DETROIT Nicklas Lidstrom's feet rested inches away from the winged wheel logo on the floor of the Detroit dressing room, a veritable shrine to the storied history of the Original Six franchise.
Pictures of Gordie Howe and Ted Lindsay and all the Red Wings greats of the past adorn the walls along with a row of Stanley Cups depicting the franchise's 10 championship seasons.
Lidstrom will one day join that elite group, but for now he is a proud member of a gang of five that own three Stanley Cup rings with the Red Wings and are one win away from another.
"It's nice when you've had a chance to win with the players of the past. You've got some great memories from back then, but you want to create new memories, too, with the same guys," Lidstrom said Sunday. "It's something we don't talk a whole lot about in here, but I think everybody has thought that in the back of their minds."
Back in Detroit after a stirring 2-1 victory in Pittsburgh on Saturday night, the Red Wings gathered for what well could be their last off day before a championship parade.
They lead the Penguins 3-1 in the series and can end it tonight at home where Detroit outscored the Eastern Conference title winners by a combined 7-0 in the opening two games.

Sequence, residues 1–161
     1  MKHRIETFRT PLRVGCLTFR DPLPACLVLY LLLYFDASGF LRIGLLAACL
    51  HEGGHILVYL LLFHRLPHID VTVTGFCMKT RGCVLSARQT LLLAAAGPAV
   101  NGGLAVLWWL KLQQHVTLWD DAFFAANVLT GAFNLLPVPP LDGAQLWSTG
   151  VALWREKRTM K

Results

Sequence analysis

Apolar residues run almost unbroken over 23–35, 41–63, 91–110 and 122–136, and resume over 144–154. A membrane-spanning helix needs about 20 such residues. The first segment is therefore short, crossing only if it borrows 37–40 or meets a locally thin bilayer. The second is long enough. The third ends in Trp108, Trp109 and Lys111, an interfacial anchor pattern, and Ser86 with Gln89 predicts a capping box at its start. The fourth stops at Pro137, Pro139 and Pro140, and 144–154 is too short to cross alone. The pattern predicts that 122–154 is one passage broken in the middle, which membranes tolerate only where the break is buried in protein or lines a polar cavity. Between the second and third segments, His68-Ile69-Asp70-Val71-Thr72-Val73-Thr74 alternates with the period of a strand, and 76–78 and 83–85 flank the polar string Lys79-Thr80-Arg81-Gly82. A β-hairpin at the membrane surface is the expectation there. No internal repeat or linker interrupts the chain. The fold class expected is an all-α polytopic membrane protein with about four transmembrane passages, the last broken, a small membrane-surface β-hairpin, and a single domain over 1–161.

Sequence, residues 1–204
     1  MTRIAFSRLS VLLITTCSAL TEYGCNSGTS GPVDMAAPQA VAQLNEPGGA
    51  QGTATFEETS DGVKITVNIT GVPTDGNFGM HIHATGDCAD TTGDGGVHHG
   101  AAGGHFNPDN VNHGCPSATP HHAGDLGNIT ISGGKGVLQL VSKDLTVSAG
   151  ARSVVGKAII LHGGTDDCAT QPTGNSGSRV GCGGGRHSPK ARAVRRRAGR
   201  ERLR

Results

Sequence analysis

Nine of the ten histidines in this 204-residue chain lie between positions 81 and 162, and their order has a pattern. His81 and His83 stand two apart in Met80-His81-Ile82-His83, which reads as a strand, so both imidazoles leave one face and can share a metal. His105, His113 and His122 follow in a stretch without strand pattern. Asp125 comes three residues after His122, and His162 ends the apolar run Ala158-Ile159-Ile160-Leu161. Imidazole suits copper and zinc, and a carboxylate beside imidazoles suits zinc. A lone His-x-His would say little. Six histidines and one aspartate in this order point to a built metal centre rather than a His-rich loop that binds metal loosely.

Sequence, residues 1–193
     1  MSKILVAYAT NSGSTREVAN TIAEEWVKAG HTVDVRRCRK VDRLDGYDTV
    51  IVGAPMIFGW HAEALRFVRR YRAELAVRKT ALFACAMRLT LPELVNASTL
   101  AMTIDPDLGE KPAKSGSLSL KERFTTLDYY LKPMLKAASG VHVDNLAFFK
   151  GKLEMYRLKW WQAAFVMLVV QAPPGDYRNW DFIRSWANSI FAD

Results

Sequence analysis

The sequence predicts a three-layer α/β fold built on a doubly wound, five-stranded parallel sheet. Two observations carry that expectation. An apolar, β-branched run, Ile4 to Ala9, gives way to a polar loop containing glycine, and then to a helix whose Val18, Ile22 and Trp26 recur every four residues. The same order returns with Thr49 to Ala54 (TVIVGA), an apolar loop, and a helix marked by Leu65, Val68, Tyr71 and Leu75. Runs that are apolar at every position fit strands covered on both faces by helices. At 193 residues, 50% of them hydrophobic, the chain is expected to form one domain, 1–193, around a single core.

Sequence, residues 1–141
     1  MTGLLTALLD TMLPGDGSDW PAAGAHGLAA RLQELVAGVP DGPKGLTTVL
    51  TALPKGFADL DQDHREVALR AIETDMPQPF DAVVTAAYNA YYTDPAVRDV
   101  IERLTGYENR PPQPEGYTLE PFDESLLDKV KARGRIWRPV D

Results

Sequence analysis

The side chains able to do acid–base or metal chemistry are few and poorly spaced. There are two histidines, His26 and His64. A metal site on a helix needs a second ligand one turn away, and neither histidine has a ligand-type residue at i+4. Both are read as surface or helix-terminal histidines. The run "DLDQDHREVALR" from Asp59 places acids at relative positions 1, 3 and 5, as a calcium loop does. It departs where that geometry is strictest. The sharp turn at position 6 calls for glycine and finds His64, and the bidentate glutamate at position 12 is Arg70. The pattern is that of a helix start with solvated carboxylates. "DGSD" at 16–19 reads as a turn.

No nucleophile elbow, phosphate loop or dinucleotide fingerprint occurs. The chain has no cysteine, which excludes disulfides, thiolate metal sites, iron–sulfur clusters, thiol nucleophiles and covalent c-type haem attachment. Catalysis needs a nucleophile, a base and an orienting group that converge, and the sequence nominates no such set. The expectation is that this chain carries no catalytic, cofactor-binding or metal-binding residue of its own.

This is where the Red Wings' experience can be a big edge over the Penguins' youth. Detroit nearly let a 3-0 series lead against Dallas get away in the Western Conference finals before finishing it in six games.
"Just because we're at home, we can't take for granted or assume we're going to have any sort of an advantage," forward Kirk Maltby said. "We have to come out and play the way we're capable of playing. If we do that, we'll have a good chance of winning, but we know they're not going to lie down for us."
Maltby, Kris Draper, Tomas Holmstrom, and Darren McCarty make up the rest of the quintet that changed the hockey culture in Hockeytown.
In 1995, with a chance to end a 40-year Stanley Cup drought, the favored Red Wings were swept in the finals by the upstart New Jersey Devils. Questions of when the Cup might finally return grew louder until they finally were answered two years later as Steve Yzerman hoisted the prized trophy at Joe Louis Arena.
Fittingly, it was another sweep, this time over the Philadelphia Flyers, who had home-ice advantage in the finals but never stood a chance. A year later, the Red Wings repeated with a four-game wipeout of Washington.
There was a three-year hiccup before the Red Wings claimed the Cup again, but now they are shooting for their fourth in 11 seasons.
With another title merely a handoff away from NHL commissioner Gary Bettman, it was hard for the core of champions not to look back as they keep an eye on Game 5. The bridge from the retired Yzerman to new captain Lidstrom, who has worn the 'C' for two seasons, is nearly complete.
"A lot of us learned about winning and playing from the guys who have had a long, long tenure here," said McCarty, who returned to the Red Wings in January after two seasons in Calgary and a fourth stint in substance abuse rehab. "It's sort of what the nucleus is all about. It hasn't really changed. ... It's special that way. When I came back, I felt like I was home.